Re: The Problem of Liberal Theology

From: george murphy (
Date: Tue May 07 2002 - 17:46:18 EDT

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    Shuan Rose wrote:

    > Hey, George:
    > LStart the party. How do you take a Christ-centered approach to the
    > science-religion problem?

         Terry has provided a link to JASA/PSCF articles, most of which deal with
    some aspects of this approach. Here I'll note very briefly the way in which a
    few issues can be trated with such an approach.
         1. Natural theology: God is known first through God's self-revelation in
    the history of Israel which culminates in the cross-resurrection event.
    Scientific knowledge of the world is able to tell us something about
    God & God's
    relationship with the world only in light of this revelation. But in
    this light
    God is to be discerned in the universe as the crucified and risen one.
         2. Divine action (providence): God's hiddenness in his self-revelation in
    the cross suggests that we should not expect to observe God's activity by
    scientific means. This requirement can be satisfied by a model of
    divine action
    in which God acts through natural process and voluntarily limits action to what
    can be achieved through lawful natural processes.
         3. Cosmology: As much as possible we will try to understand the
    origin and
    development of the universe theologically in terms of providence, as
    in 2. Thus
    we will be open to the possibility that matter/energy and space-time have come
    in a way that can be described by a correct theory of quantum gravity or some
    other scientific theory.
         4. Biological evolution: This too will be understood as an application of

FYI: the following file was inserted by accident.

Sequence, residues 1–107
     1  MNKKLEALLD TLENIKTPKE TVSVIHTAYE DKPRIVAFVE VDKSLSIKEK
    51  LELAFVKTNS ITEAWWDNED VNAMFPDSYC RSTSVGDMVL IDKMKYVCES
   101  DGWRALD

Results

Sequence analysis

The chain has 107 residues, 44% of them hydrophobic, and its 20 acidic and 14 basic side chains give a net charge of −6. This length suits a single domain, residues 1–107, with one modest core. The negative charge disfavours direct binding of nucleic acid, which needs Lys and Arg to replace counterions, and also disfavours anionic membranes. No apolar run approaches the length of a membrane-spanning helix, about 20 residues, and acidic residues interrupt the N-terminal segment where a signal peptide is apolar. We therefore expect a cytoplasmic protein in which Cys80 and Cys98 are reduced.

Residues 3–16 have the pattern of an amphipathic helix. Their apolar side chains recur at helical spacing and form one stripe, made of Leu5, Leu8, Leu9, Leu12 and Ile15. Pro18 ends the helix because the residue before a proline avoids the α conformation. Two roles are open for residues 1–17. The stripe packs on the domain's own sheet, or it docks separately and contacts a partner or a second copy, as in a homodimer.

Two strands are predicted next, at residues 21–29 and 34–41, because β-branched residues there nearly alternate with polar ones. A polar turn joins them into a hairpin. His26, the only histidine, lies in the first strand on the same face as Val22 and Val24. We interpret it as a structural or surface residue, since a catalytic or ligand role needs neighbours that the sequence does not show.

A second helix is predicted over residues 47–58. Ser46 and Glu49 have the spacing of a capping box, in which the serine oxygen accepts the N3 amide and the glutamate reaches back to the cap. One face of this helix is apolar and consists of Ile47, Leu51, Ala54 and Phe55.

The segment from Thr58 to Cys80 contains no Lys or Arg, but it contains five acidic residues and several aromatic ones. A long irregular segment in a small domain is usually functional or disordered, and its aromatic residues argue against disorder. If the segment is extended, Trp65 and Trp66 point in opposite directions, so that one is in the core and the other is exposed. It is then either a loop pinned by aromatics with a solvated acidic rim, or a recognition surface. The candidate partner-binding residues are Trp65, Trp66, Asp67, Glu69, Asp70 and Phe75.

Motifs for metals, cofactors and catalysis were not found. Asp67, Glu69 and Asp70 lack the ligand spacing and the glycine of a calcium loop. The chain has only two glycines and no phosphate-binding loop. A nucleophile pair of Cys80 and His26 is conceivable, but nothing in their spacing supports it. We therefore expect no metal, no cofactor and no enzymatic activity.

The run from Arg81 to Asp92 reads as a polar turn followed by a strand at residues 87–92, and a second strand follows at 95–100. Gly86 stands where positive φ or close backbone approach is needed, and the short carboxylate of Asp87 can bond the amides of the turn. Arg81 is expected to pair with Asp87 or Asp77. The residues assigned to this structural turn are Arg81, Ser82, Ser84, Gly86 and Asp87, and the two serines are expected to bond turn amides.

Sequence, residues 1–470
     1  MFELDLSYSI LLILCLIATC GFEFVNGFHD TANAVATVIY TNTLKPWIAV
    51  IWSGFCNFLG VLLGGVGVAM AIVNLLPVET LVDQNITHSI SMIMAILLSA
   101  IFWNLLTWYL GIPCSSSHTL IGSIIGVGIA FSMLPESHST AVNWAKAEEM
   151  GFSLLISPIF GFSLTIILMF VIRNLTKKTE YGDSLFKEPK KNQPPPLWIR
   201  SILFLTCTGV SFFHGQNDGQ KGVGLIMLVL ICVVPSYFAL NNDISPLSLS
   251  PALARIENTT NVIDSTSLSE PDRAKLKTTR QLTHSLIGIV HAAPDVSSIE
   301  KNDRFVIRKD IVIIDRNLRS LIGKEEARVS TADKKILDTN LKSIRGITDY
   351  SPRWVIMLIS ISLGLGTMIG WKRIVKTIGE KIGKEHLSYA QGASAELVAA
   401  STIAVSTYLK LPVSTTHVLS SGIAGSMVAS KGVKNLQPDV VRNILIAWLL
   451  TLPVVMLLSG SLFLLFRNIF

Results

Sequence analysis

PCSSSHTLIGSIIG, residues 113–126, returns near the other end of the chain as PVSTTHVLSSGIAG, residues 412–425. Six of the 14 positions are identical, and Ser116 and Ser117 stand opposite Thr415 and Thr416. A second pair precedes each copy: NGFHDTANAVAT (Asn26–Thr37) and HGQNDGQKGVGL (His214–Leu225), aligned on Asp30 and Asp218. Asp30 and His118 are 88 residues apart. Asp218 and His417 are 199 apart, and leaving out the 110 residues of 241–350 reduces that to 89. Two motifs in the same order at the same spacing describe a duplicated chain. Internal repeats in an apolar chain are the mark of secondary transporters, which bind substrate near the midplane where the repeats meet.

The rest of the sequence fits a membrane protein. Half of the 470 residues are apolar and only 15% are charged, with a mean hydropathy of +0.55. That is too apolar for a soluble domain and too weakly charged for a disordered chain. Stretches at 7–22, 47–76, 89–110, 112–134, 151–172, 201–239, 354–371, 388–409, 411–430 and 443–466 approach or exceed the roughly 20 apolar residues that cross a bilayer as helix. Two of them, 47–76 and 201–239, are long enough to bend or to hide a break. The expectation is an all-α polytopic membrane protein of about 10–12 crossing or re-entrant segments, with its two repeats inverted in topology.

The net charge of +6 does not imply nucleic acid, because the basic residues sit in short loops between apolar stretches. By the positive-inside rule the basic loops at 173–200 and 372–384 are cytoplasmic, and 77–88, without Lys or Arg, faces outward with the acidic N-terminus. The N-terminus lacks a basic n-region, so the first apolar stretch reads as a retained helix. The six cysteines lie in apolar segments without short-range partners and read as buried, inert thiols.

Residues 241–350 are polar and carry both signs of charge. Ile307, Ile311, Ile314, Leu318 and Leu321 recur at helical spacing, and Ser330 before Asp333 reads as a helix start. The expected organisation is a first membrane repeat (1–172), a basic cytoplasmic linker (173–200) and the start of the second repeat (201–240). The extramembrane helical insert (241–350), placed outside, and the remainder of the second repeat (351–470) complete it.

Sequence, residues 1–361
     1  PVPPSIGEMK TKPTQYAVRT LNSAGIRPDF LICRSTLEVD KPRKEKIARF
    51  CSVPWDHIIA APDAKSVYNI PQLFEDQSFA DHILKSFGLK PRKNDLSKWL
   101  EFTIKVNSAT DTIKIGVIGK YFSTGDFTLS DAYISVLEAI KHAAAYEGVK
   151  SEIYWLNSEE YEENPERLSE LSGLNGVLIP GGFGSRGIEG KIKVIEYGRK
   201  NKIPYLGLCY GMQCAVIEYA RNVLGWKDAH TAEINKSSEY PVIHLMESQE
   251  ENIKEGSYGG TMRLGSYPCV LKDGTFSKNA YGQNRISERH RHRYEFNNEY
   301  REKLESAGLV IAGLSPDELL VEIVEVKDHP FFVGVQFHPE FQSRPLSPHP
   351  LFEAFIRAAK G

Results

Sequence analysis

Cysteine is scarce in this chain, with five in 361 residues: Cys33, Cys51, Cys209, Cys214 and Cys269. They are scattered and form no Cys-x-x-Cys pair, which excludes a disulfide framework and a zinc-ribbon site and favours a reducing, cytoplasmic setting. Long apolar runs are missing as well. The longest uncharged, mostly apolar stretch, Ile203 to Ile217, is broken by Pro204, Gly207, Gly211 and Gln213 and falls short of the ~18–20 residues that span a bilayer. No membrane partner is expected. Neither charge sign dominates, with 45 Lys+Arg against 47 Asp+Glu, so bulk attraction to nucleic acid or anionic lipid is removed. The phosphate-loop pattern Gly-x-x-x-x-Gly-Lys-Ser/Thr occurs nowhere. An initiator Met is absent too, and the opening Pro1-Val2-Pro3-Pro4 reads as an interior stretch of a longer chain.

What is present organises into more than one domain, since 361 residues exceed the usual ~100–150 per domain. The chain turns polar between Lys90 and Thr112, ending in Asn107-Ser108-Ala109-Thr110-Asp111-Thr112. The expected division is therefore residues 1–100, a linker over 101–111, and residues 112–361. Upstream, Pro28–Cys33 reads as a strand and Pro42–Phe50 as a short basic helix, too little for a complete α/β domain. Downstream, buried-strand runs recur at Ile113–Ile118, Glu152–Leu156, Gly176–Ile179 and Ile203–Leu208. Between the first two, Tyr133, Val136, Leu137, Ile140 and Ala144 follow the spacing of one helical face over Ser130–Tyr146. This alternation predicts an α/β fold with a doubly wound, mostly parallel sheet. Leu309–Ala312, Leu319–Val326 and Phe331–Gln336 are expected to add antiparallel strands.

providence. The Incarnation means that God becomes a participant in the
    evolutionary process and in its suffering and death. This provides a way of
    dealing with questions of theodicy raised by natural selection. The fact that
    in the Incarnation the Word of God takes on our evolutionary relationships
    provides one way of understanding how "all things" can be reconciled to God
    "through the blood of his cross" (Col.1:20).
         5) Environmental issues: The human commission to be God's representative
    in caring for creation is fulfilled first of all in Christ. Human "dominion"
    over creation is thus to be patterned after the servant lordship of Christ.
         6) Bioethics: There are too many individual issues to summarize briefly
    here. But the both cross (which suggests that suffering and death
    are not to be
    avoided at all costs) and resurrection (which suggests that our hope is not
    simply for holding on to life) provide some general guidelines.
         7) History and the Future: The human _par excellence_ is not
    Adam & Eve or
    the first reflectively conscious hominids but Jesus Christ. Creation was
    therefore not begun in a state of static perfection but in God's intention was
    to develop toward the plan hinted at in Eph.1:10. In the resurrection of the
    crucified we have a preview of God's ultimate future for the world, and the
    church as the Body of Christ is the next stage of evolution toward that goal.



    George L. Murphy
    "The Science-Theology Interface"

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